Using TraceEvent to mine information in OS registered ETW providers

In previous blocks on TraceEvent I shows you how easy it was to start up ETW sessions to collect information generated by System.Diagnnostics.Tracing.EventSource classes (typically logging that you yourself did).   But I also mentioned in other blogs that the one of the real strengths of ETW was the fact that you get to correlate lots…

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More Support for EventSource and strongly typed logging: The Semantic Logging Application Block

If you have been following my blog at all, you have seen my articles about System.Diagnostics.Tracing.EventSource, a class that introduced in V4.5 of the .NET Runtime for production logging.    This class replaces the System.Diagnostics.TraceSource class  and we strongly encourage people to consider using EventSource instead of TraceSource for any future work (You can events from one go…

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A Lab on investigating Memory Performance with PerfView

As part of a conference that I participated in this week, I have created a lab on using PerfView to investigate Memory issues.   The lab covers both managed and unmanaged code techniques.  The ZIP file below of two Visual Studio 2012 projects which create leaky apps (one C++ and one C#), as well as an MHT file (multi file HTML),…

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New version of TraceEvent / PerfMonitor Posted to bcl.codeplex.com

For several years now, I have had code called the ‘TraceEvent library’ that allows you to access ETW files (ETL files) from C#.   However for over a year now, I have not updated the public version of that library.   Well, that time has ended. I updated the TraceEvent library as well as the PerfMonitor sample at http://bcl.codeplex.com to…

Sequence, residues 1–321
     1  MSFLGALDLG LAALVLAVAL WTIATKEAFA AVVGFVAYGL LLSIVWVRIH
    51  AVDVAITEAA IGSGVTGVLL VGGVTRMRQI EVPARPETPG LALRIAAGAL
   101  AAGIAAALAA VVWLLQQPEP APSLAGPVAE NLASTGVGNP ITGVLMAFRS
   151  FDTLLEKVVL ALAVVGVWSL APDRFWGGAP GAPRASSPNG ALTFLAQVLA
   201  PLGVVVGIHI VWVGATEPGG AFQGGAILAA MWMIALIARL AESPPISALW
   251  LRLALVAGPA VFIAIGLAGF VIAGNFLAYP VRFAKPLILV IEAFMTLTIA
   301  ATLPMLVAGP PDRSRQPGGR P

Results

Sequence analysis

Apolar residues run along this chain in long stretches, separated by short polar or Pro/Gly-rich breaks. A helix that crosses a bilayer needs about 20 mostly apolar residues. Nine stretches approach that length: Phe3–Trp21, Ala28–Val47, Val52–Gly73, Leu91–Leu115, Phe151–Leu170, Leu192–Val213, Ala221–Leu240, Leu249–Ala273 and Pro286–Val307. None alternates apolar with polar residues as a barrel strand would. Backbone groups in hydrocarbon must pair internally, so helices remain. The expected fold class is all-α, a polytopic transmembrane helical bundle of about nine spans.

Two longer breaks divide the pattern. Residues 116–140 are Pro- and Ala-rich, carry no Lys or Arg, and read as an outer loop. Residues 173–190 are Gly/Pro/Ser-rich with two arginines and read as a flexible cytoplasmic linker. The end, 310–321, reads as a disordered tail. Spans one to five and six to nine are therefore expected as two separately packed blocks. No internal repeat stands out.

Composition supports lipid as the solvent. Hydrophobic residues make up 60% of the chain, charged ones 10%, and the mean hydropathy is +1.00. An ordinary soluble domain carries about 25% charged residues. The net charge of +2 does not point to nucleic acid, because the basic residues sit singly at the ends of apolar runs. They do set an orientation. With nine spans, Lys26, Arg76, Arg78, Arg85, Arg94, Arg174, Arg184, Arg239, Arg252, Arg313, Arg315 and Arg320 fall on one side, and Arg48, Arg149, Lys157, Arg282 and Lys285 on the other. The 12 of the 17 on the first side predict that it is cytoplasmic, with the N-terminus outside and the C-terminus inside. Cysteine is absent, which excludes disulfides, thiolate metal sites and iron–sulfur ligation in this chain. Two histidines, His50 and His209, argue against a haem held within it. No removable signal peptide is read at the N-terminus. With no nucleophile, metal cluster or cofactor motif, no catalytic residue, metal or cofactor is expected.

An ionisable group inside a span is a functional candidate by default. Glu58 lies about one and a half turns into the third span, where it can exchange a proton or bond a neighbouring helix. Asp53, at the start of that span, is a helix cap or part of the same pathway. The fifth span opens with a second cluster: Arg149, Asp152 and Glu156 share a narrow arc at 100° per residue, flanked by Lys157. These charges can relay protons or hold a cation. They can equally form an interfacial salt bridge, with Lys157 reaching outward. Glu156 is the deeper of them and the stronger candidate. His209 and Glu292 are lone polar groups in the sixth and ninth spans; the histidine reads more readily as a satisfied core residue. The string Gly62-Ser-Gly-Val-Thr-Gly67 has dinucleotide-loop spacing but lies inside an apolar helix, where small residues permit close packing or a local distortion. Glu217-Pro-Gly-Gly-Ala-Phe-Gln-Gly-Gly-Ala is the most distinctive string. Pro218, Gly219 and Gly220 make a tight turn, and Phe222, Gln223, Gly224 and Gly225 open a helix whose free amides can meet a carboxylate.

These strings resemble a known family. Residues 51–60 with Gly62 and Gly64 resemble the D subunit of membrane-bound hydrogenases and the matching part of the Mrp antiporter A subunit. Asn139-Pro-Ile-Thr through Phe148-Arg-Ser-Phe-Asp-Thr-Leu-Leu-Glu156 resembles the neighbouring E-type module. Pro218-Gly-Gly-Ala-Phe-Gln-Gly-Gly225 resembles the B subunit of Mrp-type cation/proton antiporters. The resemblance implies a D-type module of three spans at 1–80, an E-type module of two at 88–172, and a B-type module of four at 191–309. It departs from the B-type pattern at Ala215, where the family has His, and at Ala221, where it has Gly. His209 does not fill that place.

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Why doesn’t my EventSource produce any events?

This is a quick entry to warn about a pitfall that you are likely to run into sooner or later if you build or maintain EventSources.   As I have blogged about, it is very easy to get started with EventSources.   Here is some code that someone might write    And then use it by using by doing…

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Using TraceSource to log ETW data to a file

Yesterday’s blog post was showing how you can use EventSource to generate ETW events and the TraceEvent library to read them in ‘real time’.   Today we will do a slight variation on that example.  Instead of reading the events in real time, we will simply log them to a file, and then later (it happens…

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How many samples are enough when using a sample based profiler in a performance Investigation?

Performance analysis is my job, and so I answer a lot of questions about perf, and this blog is about a frequently asked question I get.  When doing CPU analysis, many profilers, including the PerfView tool are sampling profilers.   In particular, for PerfView, by default every millisecond it will stop each processor and take a stack trace.  …


An End-To-End ETW Tracing Example: EventSource and TraceEvent

I have already made a series of blogs about EventSource starting with my tutorial introduction to EventSource.  This gives you enough information to generate events, and using the PerfView tool, lets you look at these events in a viewer.  This is great for a broad variety of ad-hoc scenarios.     However what if you want to go…

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Collecting ETW/PerfView data on an Windows RT (WinRT, ARM, Surface) device

If any of you have tried to run PerfView a Surface or other WinRT device, you will find that it does not work.    Basically any program that is NOT a windows store application needs to be signed with a special key or it simply will fail to run on a ‘locked’ device (most devices are…


Video: Wall clock time analysis of ASP.NET Applications using PerfView

ASP.NET applications are one of the more common uses of .NET code today, and the PerfView tool has some special support for profiling them.  I created the video ‘Wall Clock Analysis of ASP.NET Applications’ as part of the PerfView tutorial video series.  You can learn more about wall clock time analysis in general (and find useful videos)…